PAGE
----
The finest of all specialities is the white truffle. This rare and expensive fungus grows in the very heart of Istria. It is regarded as a culinary gem and a powerful aphrodisiac. The local cuisine offers up other specialities such as fatty sea fish, sardines in a spicy sauce and scallops.

One of the symbols of Croatian cuisine is the unique and delicious Parma ham (prosciutto). Its tenderness and exquisite flavour will be loved by all true gourmets. The best time to sample it is at the end of August (the longer it is dried, the better) and is mostly served with sheep cheese and olives. 


The Croatians drink wine almost as if it were water. To quench their thirst, wine is diluted: red wine with water is called “bevanda”, white wine with mineral water is called “gemišt”. But if you want to really savour the flavour of the wine, drink it undiluted. 

Important sailing regulations

The maximum permitted speed in harbours, bays, channels and Croatian rivers to the Adriatic is 3–8 kn (knots). Fast motorboats and sailing yachts travelling over waves must keep a minimum distance of 300 m from the shore. For slow boats (up to 12 m in length), the minimum distance from the shore or from the floating chain around the beach is 50 m. For yachts more than 12 m long, the minimum distance is 150 m. Boats and yachts may come within 150 m of beaches that are not marked off.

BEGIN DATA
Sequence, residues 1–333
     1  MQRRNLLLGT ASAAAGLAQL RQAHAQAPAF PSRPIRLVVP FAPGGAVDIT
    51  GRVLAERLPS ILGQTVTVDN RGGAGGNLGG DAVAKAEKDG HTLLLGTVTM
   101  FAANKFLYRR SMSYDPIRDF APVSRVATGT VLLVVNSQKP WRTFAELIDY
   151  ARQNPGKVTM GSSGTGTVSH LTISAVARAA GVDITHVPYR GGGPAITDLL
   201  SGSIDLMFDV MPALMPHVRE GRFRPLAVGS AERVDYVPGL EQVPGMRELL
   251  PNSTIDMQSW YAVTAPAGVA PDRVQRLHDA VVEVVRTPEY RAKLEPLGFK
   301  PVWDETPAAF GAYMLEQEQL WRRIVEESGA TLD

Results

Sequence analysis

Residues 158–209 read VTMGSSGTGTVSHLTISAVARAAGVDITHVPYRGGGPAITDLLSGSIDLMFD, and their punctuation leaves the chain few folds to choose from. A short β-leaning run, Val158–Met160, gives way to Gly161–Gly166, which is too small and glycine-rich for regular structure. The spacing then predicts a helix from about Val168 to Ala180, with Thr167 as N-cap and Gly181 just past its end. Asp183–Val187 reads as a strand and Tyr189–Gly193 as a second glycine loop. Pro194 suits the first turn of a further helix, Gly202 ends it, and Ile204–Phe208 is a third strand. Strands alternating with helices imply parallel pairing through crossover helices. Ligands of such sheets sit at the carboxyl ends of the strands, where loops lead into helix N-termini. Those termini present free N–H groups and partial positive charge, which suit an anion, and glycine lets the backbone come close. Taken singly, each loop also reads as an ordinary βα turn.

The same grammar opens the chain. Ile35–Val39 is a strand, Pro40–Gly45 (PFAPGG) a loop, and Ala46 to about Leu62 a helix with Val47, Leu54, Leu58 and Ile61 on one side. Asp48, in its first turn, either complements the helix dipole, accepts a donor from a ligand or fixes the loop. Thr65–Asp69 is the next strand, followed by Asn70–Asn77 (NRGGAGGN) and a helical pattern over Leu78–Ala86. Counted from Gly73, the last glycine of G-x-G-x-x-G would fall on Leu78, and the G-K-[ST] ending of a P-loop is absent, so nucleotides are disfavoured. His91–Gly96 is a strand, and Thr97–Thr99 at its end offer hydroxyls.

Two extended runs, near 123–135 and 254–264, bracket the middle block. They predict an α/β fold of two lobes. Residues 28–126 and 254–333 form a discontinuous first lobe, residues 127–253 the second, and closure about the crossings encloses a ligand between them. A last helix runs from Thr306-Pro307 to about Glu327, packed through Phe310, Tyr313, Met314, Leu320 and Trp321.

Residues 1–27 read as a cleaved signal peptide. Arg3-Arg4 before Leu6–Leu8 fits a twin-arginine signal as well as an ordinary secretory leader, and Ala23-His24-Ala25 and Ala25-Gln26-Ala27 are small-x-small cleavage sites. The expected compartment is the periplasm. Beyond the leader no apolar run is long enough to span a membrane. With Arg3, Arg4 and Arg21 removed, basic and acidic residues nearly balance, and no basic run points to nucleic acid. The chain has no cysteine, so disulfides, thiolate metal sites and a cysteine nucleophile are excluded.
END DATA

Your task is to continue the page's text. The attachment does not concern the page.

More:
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Diving in Croatia

No permit is required for freediving. Individual scuba diving requires a permit which can be purchased by qualified sports divers at the captainate for a fee of HRK 2400. This rather expensive document, however, is not necessary if a diver is diving under the supervision of a diving centre registered in Croatia. Since August 2010, a diving licence is no longer required for this.

In national and nature reserves and around protected wrecks, it is, in principle, only possible to dive with a diving centre which has the appropriate licence. Permits for underwater fishing must also be obtained. Fishing in scuba gear is essentially prohibited. You cannot carry a harpoon and scuba gear together in a boat. Diving for antique objects is also strictly forbidden.

Recreational fishing in Croatia

You must buy a permit for recreational fishing which can usually be purchased at the captainate. A one-day permit costs HRK 60, a one-week permit HRK 300, and a one-month permit HRK 700. An annual permit can only be purchased by citizens with permanent residence in Croatia.